No, I’m not going to actually discuss why racism is bad. If you’re seeing this article in your feed, then you likely already have a pretty good grasp as to why racism is not acceptable or beneficial in any way. That said, it would seem it’s a conversation we are going to have to have. And no, I’m not just talking about the USA, that troubled kid next door. Racism is a real and present issue in Canada too. One only needs to read comment threads on any news story that deal with any story even tenuously related to race issues or members of any racially marginalized community for that matter, to see the misguided, uninformed racially charged vitriol pour forth. Wait – I know what you’re thinking: “Misguided”!? “Uninformed”!? Yes. Don’t get me wrong – racism, misogyny, homophobia, transphobia, ableism, ageism etc. are all repugnant. But to paraphrase Nelson Mandela, “People are not born with hate in their hearts”. These attitudes are taught, and somewhere along the line, right attitudes are not taught.
I’ve noticed an interesting phenomenon in the comment threads. Many who support policies and views of the alt right agenda are painting the left as fascists, Orwellian in their suppression of free thought and speech and the rejection of moral equivalency. The story goes that there is a cabal of “Cultural Marxists”, intellectual elites that are waging a class war against traditional Western culture and values. They use the continued shutting down of the discourse and the refusal to give the alt-right any kind of moral equivalency as evidence of leftist fascism that will ultimately lead to the end of democracy. Clearly, any view that discriminates or takes away freedoms cannot give any kind of any kind of equivalency with the hard-fought, legally enshrined philosophies of universal human rights. But clearly, they feel they aren’t being heard, and sensing a moment of entropy, they are grabbing their chance.
The uprising of hate in the USA has certainly been disconcerting to most of us, and surprising to the relatively sheltered, white social justice activists located in the big cultural centers of North America. I don’t think it was a surprise for any member of any marginalized group, or anyone who has spent time in the small towns and rural areas. I believe a big reason why there has been such a perceived backslide in enlightened progress just when things seemed to be going so well, is a failure to communicate. Communication is not talking at someone. It is listening, processing, reiterating and engaging. It is a lost art to many. There are large swaths of society that social activism has failed to engage. Another failure is a propensity for social progressives to focus on the macro at the expense of the micro. Just like free trade is in fact a boon for society at large in the long run, it can cause a lot of short run pain. If free trade shut down your local mill, it’s a bad thing for you regardless of national GDP.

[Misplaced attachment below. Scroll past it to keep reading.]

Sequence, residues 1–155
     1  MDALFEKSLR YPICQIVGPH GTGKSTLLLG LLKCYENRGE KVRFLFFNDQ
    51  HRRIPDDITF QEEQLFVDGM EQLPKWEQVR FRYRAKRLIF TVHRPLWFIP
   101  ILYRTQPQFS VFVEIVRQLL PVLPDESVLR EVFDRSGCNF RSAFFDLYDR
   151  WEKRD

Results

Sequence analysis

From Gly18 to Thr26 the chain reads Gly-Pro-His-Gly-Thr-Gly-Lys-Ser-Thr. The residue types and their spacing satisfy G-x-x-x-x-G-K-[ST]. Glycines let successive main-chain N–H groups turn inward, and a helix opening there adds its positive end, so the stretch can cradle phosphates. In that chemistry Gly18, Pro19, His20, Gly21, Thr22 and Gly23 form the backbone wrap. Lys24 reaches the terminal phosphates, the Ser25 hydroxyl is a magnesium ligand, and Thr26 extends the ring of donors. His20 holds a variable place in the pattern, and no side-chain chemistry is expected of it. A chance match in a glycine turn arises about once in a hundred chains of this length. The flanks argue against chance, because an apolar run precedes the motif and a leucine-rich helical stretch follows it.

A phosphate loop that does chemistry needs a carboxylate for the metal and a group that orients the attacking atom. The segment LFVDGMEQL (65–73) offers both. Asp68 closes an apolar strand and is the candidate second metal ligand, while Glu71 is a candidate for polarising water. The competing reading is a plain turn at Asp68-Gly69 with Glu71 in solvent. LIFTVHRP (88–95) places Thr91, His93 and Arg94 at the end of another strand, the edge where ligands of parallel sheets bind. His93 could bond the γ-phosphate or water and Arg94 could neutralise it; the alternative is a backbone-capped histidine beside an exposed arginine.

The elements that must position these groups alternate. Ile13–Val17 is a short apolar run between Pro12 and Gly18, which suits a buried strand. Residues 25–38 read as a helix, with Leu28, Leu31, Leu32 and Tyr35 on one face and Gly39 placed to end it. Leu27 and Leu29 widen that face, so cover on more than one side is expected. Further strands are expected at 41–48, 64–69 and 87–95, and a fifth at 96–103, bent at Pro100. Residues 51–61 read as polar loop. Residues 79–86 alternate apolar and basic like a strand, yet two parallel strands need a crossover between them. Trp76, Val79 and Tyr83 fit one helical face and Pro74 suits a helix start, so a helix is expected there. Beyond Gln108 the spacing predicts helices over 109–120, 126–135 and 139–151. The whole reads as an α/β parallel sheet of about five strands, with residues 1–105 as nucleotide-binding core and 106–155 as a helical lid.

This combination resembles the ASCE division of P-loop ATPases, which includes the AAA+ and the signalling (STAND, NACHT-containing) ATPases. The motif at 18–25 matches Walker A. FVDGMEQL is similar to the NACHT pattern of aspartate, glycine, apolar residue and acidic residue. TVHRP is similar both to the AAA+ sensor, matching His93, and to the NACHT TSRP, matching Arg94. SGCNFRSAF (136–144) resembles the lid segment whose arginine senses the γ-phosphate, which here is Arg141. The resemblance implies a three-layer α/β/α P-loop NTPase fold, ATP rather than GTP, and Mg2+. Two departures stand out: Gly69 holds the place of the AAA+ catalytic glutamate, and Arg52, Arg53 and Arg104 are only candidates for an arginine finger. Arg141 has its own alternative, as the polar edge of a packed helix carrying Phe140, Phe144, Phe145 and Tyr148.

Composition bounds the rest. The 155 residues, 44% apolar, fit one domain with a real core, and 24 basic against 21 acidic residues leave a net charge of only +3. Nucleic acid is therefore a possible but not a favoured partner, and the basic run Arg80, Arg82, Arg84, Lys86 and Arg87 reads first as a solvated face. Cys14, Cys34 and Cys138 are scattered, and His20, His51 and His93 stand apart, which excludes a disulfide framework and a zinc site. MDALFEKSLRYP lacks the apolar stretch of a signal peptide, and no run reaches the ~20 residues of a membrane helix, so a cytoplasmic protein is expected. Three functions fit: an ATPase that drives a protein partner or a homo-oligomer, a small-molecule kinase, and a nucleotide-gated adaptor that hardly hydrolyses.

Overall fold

While there have been some hard-fought and hard-won victories in environment, economy and social justice, not everyone has gained. Coal miners, factory workers and farmers are victims of the same system as those who are fighting for environmental and social justice. Just because their situation is arguably less bad does not make it good. They are losing jobs, access to health care, access to social services, and suffering a deteriorating environment. Indeed, often they are at the pointy end of many environmental and social impacts of globalization. At the same time, they are indeed invisible to the social justice movement of the major cultural centers. There are no movie stars visiting hollowed out rural communities with no jobs and no health care. All they have is the same political system that in their grandparents’ day, when they could not feed their families fed them Jim Crow. The core of that message has not changed with the times.
Clinton called Trump followers a “Basket of Deplorables”. That is probably one of the biggest gifts she gave to the Alt Right. Maybe some are, or at least their views are. But what to do with them? No matter how deplorable, are we going to round them all up and incarcerate them? Do we shoot them into space or set them adrift on ice floes? We can’t simply plug up our eyes and ears and chant “Na Na Na Na…” and hope they slink away.
Let me be clear. Since Charlottesville we have all have seen some pretty chilling stuff. As much as I like to think otherwise, some people may be irredeemable. There are certainly some actions one just can’t walk back from. But I have seen people change, and does not happen through yelling at them, denouncing them and calling them names. I’m not suggesting that we need to start giving intolerance any leeway, and I am CERTAINLY not insinuating that marginalized groups need to go out and teach white folks a history lesson, or how to be decent people. It is incumbent upon us to take care of our own house. But if those on the side of social justice are supposed to be enlightened, it’s time we started acting like it. Yelling at each other clearly isn’t working. One way or another we will have to find a way to communicate.